Visual Ergonomics Handbook by Jeffrey Anshel (CRC Press) If you are reading this book clearly and comfortably, then congratulations — your eyes are probably working well. Yet it's also most likely that you spend several hours per day staring at a computer screen (maybe even while reading this book). Viewing an electronic display screen varies significantly from reading text on paper and our eyes most often suffer for it. We need to address this problem and find out what can be done to make our computer viewing time more comfortable, as well as more productive.
Both optometrists and ergonomists realize that the eyes are a critical part of proper ergonomics. It has been said that the eyes lead the body, so one cannot rightfully be considered without the other. However, ergonomists often have just a rudimentary understanding of the human visual system. This text combines the efforts of leading experts in the fields of optometry, ergonomics, eye safety, and occupational medicine. It integrates their knowledge into a comprehensive, easy-to-read volume that is sure to appeal to all interested parties.
The first chapters deal with the eyes and visual system. Chapter 1 starts off with a historical perspective on how our vision and visual system are designed to work and how they have been challenged to keep up with our social development. Chapter 2 offers a simplified but thorough discussion of the process of eyesight and the components of the visual system. The level of discussion is such that the health and safety professional will feel confident in learning how the eyes work and why subsequent recommendations are justified.
Next comes a discussion of the technology behind computer displays. Because the images created on a monitor differ from standard ink-on-paper, the eyes adjust to the image differently. An explanation of the terminology and image generation for the older cathode-ray tube (CRT) and the newer liquid crystal display (LCD) technologies are discussed.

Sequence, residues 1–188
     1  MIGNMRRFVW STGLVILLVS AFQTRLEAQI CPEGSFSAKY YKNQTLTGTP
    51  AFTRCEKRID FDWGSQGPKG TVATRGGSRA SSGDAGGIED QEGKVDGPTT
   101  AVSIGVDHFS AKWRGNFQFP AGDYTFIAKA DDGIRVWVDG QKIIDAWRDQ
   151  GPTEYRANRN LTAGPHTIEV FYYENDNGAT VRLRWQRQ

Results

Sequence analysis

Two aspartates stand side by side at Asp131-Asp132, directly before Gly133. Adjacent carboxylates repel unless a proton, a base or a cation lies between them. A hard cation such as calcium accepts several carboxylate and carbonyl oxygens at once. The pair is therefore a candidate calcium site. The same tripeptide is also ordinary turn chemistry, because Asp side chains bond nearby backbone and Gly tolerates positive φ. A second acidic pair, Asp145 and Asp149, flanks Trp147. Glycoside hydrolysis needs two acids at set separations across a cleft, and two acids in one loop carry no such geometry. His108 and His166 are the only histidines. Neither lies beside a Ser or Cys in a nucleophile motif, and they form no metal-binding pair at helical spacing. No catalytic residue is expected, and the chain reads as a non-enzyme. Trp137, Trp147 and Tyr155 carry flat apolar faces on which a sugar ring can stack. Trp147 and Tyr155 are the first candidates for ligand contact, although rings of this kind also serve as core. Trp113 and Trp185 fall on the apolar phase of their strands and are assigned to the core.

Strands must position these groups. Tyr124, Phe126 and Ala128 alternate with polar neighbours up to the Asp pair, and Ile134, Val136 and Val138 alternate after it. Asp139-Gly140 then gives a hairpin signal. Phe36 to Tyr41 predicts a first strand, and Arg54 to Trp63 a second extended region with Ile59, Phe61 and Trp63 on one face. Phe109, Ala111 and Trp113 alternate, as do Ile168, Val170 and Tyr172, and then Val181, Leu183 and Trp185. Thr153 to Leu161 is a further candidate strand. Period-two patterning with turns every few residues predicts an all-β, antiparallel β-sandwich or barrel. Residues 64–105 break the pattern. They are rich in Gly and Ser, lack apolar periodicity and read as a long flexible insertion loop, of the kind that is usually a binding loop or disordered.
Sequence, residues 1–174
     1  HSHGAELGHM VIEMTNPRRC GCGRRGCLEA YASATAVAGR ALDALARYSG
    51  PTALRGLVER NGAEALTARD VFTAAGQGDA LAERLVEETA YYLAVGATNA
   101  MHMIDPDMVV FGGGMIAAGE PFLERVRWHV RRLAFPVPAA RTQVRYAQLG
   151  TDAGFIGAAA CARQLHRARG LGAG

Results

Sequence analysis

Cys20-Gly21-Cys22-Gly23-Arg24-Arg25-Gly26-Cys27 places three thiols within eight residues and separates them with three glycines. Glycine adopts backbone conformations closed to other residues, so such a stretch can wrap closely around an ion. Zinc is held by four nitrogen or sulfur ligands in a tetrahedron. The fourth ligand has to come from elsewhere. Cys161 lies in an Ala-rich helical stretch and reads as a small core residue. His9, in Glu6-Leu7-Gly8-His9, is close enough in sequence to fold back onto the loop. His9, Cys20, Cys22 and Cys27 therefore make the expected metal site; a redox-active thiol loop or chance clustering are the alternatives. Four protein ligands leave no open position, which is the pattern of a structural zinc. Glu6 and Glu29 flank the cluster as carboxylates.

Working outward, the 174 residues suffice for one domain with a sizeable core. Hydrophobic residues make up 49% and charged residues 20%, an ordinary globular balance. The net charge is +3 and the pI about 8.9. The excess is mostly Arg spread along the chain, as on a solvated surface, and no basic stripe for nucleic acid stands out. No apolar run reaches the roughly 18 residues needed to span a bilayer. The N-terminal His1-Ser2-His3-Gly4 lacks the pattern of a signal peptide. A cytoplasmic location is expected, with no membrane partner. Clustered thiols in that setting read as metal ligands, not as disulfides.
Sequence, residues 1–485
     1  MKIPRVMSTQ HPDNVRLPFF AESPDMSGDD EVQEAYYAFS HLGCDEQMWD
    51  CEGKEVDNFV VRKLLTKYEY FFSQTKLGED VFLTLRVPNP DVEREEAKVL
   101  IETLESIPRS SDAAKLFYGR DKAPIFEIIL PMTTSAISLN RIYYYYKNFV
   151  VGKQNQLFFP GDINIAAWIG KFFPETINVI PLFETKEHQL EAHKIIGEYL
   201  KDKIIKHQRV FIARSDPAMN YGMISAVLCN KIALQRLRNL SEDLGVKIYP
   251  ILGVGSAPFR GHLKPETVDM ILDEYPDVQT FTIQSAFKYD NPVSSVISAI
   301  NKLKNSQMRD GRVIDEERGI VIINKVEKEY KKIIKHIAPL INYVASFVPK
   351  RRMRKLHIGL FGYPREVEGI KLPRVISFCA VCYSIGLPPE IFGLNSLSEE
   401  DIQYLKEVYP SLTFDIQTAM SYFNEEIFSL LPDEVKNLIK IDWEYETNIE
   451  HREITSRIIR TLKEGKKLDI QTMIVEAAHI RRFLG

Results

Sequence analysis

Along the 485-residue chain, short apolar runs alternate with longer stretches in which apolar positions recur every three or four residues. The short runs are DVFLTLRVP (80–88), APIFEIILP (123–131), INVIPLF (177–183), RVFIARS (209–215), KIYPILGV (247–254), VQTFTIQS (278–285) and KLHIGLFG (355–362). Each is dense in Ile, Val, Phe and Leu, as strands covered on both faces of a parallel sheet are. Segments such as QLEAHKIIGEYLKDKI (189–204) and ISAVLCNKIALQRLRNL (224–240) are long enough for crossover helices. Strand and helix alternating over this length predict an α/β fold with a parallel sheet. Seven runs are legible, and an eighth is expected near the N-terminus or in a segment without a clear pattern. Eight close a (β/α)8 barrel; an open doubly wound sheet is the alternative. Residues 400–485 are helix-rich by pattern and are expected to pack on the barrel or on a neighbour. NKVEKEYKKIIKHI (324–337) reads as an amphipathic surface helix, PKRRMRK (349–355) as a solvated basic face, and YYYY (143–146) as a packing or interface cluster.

The next chapters discuss the environmental issues surrounding eye symptoms and vision in the workplace. It covers lighting, glare, monitor position, viewing distances, and other issues in detail.
The American Optometric Association has defined computer vision syndrome (CVS) as "that complex of eye and vision problems related to near work that are experienced during or related to computer use." A complete discussion of the signs and symptoms of this condition is detailed and reviewed.
Following this is a discussion of lighting issues surrounding display use in the workplace. One of the major differences between viewing a display screen and viewing printed matter is that displays are self-illuminated, whereas paper requires external illumination. We explore the details of the quality of light and how to properly light a workplace so that all areas are clear and comfortable. A section on glare in the workplace is also included to clarify the role of anti-glare filters for displays.
Because the visual system is integral with body posture, we also include a section on general ergonomic principles. We tie in these general ergonomic concepts with the impact they have on the vision of computer users and show how they depend on each other.
The next chapter discusses how vision examinations differ for computer users as opposed to more traditional examinations. This is meant to inform the health and safety professional as to what information is critical to describe to the doctor. A discussion of "computer glasses" and how they are to be used in the workplace is included.